Casual, spectacular post-rock

Casual, spectacular post-rock

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Mogwai played at Kitec.
Mogwai played at Kitec.
Photos: Alan Ip
When Stuart Braithwaite of Scottish post-rock band Mogwai came on stage at Kitec's Rotunda 1 last Monday night, he greeted his audience as if he were saying "hello" to the owner of his local corner shop back in Glasgow. The band's casual yet solid stage presence throughout the set made for an intimate atmosphere among a crowd which clearly appreciated the music.

There was no support band to kick-start the gig, but there was no arrogance behind this. The band nonchalantly took to the stage and threw themselves into a repertoire of undulating tunes.

Drawing in the audience with accompanying outer space-style graphics and perfectly timed lighting effects, Mogwai were instantly captivating. They opened with White Noise, a track from their latest album, but their sound certainly didn't become white noise for listeners.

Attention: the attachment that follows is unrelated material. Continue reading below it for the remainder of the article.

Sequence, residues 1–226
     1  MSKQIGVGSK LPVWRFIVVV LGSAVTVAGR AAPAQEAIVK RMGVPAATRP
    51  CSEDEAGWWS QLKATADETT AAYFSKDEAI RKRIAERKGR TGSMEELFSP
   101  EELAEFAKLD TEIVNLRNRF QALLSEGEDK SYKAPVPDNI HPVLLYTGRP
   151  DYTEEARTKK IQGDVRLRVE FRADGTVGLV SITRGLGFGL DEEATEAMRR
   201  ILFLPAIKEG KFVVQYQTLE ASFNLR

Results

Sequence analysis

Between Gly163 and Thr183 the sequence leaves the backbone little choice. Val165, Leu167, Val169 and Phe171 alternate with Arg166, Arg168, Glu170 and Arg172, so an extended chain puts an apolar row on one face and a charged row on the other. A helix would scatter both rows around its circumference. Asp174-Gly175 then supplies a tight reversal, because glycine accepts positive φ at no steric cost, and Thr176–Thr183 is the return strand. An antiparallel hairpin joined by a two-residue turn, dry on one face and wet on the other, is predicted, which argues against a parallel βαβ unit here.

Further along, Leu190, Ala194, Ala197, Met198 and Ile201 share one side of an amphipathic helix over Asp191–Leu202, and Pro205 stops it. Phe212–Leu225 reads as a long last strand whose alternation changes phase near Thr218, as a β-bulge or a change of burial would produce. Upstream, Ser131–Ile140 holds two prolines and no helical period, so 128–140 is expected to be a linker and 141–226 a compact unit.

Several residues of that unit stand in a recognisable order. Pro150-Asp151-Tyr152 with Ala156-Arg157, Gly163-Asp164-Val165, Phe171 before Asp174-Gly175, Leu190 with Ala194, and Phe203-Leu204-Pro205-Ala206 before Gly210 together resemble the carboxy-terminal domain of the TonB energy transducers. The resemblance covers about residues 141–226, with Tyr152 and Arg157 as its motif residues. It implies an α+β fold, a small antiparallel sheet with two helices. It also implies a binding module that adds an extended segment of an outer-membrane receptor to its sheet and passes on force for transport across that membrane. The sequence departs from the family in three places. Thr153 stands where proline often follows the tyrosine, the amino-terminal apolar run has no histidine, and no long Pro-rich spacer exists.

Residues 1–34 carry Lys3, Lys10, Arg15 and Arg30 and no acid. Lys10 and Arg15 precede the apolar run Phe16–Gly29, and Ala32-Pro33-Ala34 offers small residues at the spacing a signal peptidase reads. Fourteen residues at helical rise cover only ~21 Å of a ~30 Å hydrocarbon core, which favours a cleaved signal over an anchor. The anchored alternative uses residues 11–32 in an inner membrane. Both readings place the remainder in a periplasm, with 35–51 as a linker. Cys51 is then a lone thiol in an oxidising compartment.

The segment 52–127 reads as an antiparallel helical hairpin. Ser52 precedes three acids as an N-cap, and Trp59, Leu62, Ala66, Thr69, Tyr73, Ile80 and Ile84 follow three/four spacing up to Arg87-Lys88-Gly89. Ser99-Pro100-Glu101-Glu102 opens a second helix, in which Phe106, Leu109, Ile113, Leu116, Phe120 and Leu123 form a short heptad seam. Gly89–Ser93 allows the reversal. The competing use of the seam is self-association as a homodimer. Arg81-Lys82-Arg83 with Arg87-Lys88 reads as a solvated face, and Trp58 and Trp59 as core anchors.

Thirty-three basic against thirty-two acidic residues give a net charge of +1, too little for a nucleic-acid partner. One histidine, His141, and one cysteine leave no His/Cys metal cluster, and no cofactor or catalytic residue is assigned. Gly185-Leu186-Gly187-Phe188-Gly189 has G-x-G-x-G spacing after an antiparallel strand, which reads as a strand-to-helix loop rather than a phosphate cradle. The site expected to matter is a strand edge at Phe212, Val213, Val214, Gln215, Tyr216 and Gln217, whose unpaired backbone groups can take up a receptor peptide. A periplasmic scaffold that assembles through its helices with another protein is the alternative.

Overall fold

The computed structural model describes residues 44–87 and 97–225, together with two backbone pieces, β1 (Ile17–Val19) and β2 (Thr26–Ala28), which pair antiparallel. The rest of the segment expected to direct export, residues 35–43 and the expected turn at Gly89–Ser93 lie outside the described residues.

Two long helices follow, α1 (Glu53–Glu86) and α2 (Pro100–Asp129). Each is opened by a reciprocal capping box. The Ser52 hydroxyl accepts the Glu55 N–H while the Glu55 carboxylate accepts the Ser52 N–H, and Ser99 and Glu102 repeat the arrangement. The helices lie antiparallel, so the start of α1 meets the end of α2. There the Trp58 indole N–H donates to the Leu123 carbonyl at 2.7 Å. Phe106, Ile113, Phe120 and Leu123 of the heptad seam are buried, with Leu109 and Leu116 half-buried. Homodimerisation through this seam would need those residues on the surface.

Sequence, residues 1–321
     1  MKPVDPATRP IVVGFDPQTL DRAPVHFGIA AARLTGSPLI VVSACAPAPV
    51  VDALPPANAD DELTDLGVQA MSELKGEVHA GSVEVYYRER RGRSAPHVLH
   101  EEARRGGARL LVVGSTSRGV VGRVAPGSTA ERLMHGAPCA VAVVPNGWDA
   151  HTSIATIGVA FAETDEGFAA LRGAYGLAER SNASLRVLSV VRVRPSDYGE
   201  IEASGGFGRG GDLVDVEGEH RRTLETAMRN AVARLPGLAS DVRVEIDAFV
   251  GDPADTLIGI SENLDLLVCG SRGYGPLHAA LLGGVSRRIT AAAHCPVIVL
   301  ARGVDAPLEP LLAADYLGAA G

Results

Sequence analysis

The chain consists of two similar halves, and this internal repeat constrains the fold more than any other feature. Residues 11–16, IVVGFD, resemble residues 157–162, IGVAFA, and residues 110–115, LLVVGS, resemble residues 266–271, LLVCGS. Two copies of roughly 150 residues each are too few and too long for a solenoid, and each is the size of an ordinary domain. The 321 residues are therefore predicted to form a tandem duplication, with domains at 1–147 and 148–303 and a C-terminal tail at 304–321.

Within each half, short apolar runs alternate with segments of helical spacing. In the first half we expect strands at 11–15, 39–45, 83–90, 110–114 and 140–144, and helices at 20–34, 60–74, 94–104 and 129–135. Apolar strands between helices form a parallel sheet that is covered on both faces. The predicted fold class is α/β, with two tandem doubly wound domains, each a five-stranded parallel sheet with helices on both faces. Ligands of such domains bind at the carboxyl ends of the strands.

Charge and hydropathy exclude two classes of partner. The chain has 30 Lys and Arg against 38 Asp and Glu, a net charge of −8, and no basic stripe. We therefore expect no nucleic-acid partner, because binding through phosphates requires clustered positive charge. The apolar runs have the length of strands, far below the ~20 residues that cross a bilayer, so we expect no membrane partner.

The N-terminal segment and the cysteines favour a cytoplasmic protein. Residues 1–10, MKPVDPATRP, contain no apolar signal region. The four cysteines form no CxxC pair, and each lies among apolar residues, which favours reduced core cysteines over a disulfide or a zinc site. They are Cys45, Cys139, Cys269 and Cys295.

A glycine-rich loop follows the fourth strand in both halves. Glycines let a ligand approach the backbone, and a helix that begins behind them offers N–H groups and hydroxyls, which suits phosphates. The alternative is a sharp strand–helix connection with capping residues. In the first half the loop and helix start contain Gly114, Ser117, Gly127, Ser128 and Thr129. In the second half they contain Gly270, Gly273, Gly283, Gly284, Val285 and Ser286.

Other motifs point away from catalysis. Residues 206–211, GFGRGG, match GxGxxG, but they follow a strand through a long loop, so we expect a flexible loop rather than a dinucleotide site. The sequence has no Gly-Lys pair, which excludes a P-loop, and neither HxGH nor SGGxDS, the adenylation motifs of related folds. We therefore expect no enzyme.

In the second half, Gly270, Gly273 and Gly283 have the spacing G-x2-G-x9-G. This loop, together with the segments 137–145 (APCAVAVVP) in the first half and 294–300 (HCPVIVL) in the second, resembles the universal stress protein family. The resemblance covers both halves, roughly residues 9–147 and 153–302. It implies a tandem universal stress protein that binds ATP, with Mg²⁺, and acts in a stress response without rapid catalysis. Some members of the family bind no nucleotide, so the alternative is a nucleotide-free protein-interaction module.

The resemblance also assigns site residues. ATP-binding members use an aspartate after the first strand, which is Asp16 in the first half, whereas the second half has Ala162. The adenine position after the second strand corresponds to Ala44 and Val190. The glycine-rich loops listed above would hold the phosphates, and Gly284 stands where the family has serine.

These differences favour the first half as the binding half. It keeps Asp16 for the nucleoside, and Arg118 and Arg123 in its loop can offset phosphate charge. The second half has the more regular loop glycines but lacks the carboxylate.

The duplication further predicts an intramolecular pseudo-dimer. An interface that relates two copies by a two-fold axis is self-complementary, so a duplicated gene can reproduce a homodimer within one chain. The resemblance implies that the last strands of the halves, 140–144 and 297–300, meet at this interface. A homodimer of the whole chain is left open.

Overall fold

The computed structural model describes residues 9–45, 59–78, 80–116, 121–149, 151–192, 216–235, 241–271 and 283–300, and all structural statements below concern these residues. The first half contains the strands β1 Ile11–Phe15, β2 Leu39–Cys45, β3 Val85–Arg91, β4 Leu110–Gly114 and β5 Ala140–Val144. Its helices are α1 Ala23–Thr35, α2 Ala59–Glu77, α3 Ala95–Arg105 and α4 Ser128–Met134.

Defined by their lengthy, mainly instrumental tunes, Mogwai kept things dynamic, with a violin making an appearance and numerous incidences of guitar switching on stage. The guitar, of course, is a defining feature of the post-rock genre, but Mogwai never failed to maintain a unique sound.

Sure, there were the usual sound distortions but the escalatory nature of their music kept the crowd on climactic tenterhooks.

Mogwai, which means "evil spirit" in Cantonese, chose their name wisely: the power of their music infiltrates, almost possesses, their audience, and is certainly a force to be reckoned with. Their cathartic rhythms, melodic and moving riffs and shiveringly good contrasts are inspiring, bold and perfectly harmonised.

Dramatic droning and cataclysmic chimes defined this performance, with tunes ranging from softer, lull-inducing, instrumental songs like Ithica 27 O 9 and I'm Jim Morrison, I'm Dead to more upbeat, vocal-infused numbers such as Mexican Grand Prix. When they returned for an encore, they closed the show with Glasgow Megasnake.

Then, with a casual wave, off they went. It was as if they had accidentally wandered on stage and found some instruments to play. It was almost as if the gig had just happened to them; but boy, did they take advantage of it. It is this character, both on and off stage, that continues to give their music meaning, and ensures their performances are nothing short of spectacular.

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